Could the dry aqueduct serve as a causeway between Aridtopia and the Paiute, collaborating in the development of a new matrix for the landscape?

I will even suggest that future Aridtopians will assume that in the wake of their Grand Refusal of the Aqueduct, that the Numa may be able to take back the 90 percent ownership in the land by the settler-DWP, and then peacefully evict the remaining settler-ranchers in the Owens Valley.

Keeler and Olancha, on the west side off the 395, could become sites where pilgrims rest. Perhaps there are areas of the lake that could be sectioned off with walls so that water can be pumped in, mix with the salt, and create a salinity  eight times greater than the ocean’s, like that of the Judean Desert’s Dead Sea. Pilgrims could float buoyant on it, their bodies touching nothing hard, losing sense of their own body, confronting their primal self as the interior and exterior boundaries of the body dissolve into the briny water.

Or, perhaps Aridtopians can specialize in huge salt sculptures. The old smelting kilns for the silver ore could be used to prepare a salt solution: bring a vat of water to a rolling boil, keep adding salt until no more salt will dissolve, add food coloring. Then, bring the vat out onto the salt plains of the lake, build a skeletal wood structure over it, dip rope into the vat, then pull it out so that one end of it dangles in the vat and the other end is tied to a spot on the skeletal structure, and then leave it undisturbed. When the salt water begins to cool, the salt molecules will crystallize back into a solid, creating long, salt, multicolored, stalagmites along the rope, eventually becoming a crystalline superstructure in the desert. Temporary sanctuaries can be built in this manner. Maybe even a whole city for pilgrims on the dry Owens Lake.

Clues to the past can be excavated in the form of fulgurites, while these Aridtopian structures are being built for the eventual future.

Map by Tyler Stallings

The Numa may choose to return to the ancestral method of creating canals that branched off the river creeks flowing from the Sierra to water fields. Places in the Owens Valley may even revert to historic gathering spots for the Numa, returning to a life of constant movement and seasonal dwellings.


Alan and I order coffee and then step out to Black Sheep Espresso Bar’s back porch area to sit under an umbrella, shielding us from the sun. Alan is a young man and has a family. His hair is black and his skin is brown. He checks his smart phone often, looking for messages from his wife, daughter, or other Paiute.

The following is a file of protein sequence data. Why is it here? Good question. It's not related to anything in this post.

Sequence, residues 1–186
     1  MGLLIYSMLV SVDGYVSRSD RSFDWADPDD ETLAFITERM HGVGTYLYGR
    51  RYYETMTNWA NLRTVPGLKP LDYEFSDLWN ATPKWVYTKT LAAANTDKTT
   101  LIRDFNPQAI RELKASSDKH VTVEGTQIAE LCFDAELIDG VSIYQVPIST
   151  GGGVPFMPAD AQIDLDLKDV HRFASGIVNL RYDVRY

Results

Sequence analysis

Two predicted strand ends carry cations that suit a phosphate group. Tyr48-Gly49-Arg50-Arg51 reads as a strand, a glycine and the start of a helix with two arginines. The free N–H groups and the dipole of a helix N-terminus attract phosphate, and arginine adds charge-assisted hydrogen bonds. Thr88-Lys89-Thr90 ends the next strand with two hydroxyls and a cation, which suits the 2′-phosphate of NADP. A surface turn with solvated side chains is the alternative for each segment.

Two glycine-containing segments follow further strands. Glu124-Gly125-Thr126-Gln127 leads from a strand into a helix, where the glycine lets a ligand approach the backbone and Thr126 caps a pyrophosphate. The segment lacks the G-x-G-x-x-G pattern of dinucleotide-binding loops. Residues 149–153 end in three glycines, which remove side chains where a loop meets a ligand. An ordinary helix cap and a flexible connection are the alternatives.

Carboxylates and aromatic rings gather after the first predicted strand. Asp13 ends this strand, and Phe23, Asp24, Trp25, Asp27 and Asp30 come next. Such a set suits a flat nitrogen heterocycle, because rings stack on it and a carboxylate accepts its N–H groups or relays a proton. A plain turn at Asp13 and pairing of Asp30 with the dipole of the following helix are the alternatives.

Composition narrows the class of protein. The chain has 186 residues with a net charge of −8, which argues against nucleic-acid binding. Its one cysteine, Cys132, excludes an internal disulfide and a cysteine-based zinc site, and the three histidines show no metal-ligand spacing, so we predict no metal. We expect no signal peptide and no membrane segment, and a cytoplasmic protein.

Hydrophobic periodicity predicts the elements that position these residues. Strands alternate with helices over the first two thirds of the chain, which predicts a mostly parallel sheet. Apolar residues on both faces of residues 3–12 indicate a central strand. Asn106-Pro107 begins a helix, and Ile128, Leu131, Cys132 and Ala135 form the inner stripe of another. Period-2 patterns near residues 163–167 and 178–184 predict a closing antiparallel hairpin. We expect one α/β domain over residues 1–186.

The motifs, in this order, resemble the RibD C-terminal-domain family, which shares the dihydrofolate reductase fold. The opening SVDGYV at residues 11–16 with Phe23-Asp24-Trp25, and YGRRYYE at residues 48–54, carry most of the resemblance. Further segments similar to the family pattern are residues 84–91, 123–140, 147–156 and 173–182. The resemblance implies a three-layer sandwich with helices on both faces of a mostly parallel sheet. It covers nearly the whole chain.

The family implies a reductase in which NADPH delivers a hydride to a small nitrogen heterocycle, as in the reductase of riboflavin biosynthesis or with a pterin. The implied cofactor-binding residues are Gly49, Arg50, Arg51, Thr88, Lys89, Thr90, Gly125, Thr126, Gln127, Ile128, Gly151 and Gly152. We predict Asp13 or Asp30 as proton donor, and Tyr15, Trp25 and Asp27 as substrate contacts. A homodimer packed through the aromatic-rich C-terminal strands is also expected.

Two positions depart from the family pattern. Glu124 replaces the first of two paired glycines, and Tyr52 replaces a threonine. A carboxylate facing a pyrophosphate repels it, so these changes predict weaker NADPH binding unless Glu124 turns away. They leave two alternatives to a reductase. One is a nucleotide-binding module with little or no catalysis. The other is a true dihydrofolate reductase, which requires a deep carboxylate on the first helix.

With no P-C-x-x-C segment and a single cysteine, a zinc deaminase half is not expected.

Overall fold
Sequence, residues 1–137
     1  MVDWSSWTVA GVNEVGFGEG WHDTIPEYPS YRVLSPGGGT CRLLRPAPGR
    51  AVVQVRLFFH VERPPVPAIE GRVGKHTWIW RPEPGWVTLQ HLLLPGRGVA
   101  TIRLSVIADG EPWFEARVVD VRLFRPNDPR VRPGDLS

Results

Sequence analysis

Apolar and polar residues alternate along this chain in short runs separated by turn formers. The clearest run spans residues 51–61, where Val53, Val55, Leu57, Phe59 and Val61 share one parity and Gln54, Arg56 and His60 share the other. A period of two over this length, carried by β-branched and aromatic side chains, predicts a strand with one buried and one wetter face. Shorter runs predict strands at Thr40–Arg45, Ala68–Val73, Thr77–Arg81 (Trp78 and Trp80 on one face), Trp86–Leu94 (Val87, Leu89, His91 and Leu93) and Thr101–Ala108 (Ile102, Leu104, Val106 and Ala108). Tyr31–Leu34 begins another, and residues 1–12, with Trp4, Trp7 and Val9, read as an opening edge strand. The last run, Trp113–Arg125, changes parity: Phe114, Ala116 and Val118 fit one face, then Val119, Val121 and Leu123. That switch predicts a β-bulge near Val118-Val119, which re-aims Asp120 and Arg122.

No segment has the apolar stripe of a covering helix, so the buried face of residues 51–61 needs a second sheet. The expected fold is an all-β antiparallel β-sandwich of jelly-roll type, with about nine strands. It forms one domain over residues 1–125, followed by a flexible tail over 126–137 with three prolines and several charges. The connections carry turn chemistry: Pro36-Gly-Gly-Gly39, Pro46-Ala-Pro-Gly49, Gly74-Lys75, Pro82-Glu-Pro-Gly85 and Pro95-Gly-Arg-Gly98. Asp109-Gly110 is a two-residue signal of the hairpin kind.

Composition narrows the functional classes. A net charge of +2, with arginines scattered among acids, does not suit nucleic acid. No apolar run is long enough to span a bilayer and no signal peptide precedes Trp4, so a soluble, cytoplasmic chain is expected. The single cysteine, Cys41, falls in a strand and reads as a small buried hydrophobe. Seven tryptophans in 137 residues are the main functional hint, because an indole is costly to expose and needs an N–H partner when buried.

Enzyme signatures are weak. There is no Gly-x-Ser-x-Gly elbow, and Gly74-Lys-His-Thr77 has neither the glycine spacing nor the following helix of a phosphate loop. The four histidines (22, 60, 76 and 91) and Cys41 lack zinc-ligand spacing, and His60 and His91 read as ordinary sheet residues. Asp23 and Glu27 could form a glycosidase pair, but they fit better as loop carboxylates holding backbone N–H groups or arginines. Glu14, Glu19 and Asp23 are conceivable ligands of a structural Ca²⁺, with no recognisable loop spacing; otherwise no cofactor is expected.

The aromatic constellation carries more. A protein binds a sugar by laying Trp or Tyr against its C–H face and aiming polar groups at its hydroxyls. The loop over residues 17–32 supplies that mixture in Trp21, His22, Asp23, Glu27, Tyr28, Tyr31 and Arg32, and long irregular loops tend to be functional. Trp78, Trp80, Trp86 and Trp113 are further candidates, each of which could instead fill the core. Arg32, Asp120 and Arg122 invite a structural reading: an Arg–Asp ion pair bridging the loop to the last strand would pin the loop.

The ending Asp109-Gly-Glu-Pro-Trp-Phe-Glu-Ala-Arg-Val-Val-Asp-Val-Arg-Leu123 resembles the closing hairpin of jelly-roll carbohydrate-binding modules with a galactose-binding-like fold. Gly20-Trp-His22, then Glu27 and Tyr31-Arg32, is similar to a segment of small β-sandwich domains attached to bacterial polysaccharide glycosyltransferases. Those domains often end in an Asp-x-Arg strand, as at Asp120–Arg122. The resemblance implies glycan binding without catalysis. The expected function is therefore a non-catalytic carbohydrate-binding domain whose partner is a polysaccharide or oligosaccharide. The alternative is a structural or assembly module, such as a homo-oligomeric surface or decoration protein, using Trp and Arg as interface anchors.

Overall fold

We had hoped that it would be a quiet location so that we could hear each other’s comments, but a group sits down at another table a few feet away. They seem to be friends who haven’t seen each other for a while. A couple is from Australia and another woman has just returned from travels in South Africa. Either the world is becoming one big desert or inhabitants of one desert region are attracted to arid regions elsewhere.

Alan provides some history of his people in the valley. My own thoughts, sans-italics, alternate with his.

Long ago, our ancestors realized that water did not come from the sky but flowed from the mountains. They learned long ago to build canals and ditches to irrigate seed-lands with the Sierra runoff. There were no fences or property lines so when settlers came they thought that the land was not being utilized but it was—by us.

Invisibility does not mean lack of presence.

In the past, most of the skirmishes with the settlers had to do with food. The livestock were eating plants that we had cultivated and gathered, such as Blue dicks. We would dig them up and gather the corm. Our most important item were the pinyons from the Inyo and White Mountains. There are still some that are being harvested by the Numa. And then the animals were small game that could not get around anymore due to fences, or livestock taking their food away, so starvation began to happen to us. Then, as we were starving we might kill a cow, for example, and then the rancher would retaliate. Then the military would come in from Fort Independence to protect the settlers. I’m jumping around here on history but you get the point. It’s been a slow dwindling of resources. But, we’ve survived.

To build a fence is to steal from the land. A fence makes one lose one’s soul to the impossibility of containment.

But the Paiute are adaptive. So they adjusted to the new paradigm. This was in the 1860s. Then later the aqueduct brought a second paradigm because there were no jobs with the ranchers since they weren’t getting water either. We’ve always existed, just like the Ancient Bristlecone Pine. I think that you should visit them because they are the oldest living trees, going back 5,000 years or more. They have survived in the most extreme of circumstances. Very little water, poor soil, and constant wind. They are like the Paiute; we still live here and still exist, even though many people have tried to destroy us.

Our people have always used the resources, but not to their limit because we live within it. All things are connected. Our use of water affects vegetation, animals and other people. We definitely see things as sacred. So with that point of view, we will always have a different outlook not only towards water, but life.

2013 marks not only the hundred-year anniversary of the LA Aqueduct but it also marks 150 years when our people were forced to march from Fort Independence to Fort Tejón. We just recently had a gathering, praying for peace and for the land. In fact, I have a friend who is not native, and who is walking from Fort Tejón to show the forced march in reverse, that is, to show better outcomes can happen, even today.